Picking a training program may be the hardest part about running a long-distance race like a half marathon or full marathon. That’s because if your program doesn’t work for you or is too hard or too easy, you won’t stick to it and you won’t be motivated to run or well prepared on race day.
I love the Hal Higdon training programs—they are really accessible for busy people and make your distance doable. For the half, the longest distance you have to run is 10 miles. For the full, it’s 20 miles. You only run 4 days a week, and you don’t actually run the full distance until race day, relying on the thrill and adrenaline to go the last few miles. And, it works. I used a Hal Higdon training plan to do my first half and I was well prepared and ran well.
A year or so ago I decided to step it up a bit and try the Nike+ training plan. I liked it because I was already using Nike+ to track my runs, and it gave me notifications to remind me of what I needed to run each day. You don’t really have to do anything—just put in your race distance and date and it will let you know when to start training. It displays your training plans a week at a time, and it explains all your workouts pretty concisely. It also gives you three different levels to choose from for any distance: beginner, intermediate and advanced. If you have Spotify premium, you can also link that to your Nike+ account to create Pace Stations based on your favorite artist or kind of music and the speed of music you want to hear.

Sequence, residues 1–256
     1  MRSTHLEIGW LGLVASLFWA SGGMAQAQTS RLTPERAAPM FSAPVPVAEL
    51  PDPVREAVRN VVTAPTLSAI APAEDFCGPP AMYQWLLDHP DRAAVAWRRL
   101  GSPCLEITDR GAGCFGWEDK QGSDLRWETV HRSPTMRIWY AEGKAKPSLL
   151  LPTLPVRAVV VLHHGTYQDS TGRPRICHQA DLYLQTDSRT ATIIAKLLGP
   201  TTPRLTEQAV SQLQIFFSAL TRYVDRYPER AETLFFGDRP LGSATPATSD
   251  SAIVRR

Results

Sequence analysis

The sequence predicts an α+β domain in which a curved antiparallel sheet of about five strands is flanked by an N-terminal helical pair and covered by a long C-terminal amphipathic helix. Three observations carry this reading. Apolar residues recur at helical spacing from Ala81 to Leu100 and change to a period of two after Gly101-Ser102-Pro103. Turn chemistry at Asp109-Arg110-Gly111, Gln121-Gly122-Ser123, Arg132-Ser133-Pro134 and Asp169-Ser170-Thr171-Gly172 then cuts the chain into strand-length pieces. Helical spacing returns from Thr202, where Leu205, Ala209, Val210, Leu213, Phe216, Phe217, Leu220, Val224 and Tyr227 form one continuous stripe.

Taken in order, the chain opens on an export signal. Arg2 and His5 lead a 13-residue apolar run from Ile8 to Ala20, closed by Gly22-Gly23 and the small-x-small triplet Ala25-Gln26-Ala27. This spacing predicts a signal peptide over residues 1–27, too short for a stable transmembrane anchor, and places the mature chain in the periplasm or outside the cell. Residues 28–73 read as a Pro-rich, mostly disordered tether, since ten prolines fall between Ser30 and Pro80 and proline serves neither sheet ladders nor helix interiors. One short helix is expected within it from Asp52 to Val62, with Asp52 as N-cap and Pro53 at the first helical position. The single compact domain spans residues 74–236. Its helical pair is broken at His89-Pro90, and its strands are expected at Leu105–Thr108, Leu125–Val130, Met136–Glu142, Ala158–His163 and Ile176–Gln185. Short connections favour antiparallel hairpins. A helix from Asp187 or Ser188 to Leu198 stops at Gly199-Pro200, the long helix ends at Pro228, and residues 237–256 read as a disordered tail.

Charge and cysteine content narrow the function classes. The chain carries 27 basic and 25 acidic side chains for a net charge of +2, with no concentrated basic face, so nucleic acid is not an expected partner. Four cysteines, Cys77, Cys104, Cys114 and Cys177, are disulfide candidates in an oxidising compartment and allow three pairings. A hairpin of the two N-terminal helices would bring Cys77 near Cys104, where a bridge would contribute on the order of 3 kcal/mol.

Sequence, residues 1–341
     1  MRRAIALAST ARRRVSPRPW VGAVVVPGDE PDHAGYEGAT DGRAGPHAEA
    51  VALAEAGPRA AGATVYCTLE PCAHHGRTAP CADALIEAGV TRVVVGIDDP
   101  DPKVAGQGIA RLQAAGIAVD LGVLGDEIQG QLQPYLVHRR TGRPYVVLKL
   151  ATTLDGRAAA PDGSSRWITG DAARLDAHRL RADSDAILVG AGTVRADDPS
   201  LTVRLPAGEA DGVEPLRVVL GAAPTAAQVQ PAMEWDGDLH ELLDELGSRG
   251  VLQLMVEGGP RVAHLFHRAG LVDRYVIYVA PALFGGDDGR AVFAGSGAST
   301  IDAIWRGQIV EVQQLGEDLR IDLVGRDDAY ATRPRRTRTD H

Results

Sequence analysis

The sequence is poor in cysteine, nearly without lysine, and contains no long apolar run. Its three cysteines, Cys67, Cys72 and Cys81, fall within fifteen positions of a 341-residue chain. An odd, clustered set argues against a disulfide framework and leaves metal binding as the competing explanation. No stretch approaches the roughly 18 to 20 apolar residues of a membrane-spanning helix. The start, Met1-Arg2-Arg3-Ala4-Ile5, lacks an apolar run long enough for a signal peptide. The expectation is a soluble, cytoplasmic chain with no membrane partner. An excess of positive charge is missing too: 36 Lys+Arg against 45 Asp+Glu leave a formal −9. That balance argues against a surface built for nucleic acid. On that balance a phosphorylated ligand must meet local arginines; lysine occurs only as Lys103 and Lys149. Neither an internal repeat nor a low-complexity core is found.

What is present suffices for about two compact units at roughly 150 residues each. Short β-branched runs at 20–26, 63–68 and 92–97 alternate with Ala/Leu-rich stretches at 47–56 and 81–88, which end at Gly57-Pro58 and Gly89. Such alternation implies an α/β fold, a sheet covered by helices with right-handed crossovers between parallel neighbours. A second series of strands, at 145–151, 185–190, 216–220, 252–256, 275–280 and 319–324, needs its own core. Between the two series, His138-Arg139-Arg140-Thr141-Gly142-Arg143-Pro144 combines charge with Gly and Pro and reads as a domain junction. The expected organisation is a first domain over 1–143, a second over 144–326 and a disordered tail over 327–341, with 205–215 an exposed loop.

Hal Higdon also has a training app, as well as Runner’s World. I used the Runner’s World one briefly, and although it wasn’t bad, it has no audio feedback, which means you either need to know your route already or have a really good idea of how fast you run to know your distance.
There are also programs that center around a walk/run approach. You train to accomplish your distance with a combo of running and walking, never aiming to run the whole distance.
I did read about a method of marathon training that basically cuts out all the maintenance miles and only has you do 3 runs a week. I have heard good and bad things about these programs, the bad being that you really shouldn’t attempt them your first time out. The good is that for those who tend to get injured when they run too many miles, you can run fewer miles and still train effectively. So although it sounded attractive for my schedule, I’m doing Nike+ and running 5-6 days a week. Next time out, I may try it.
My first training plan was super low-tech. I printed out the page and put it on my fridge, marking off each workout as I went. I did yoga or swimming for my cross training two days a week. Done and done! The Nike+ plans are much harder—even the beginner ones—and it took me probably three races before I even got close to making my goal mileage each week. But, I like the challenge now. I know it’s going to be tough, and I know I won’t make it every week, but I feel really accomplished when I do.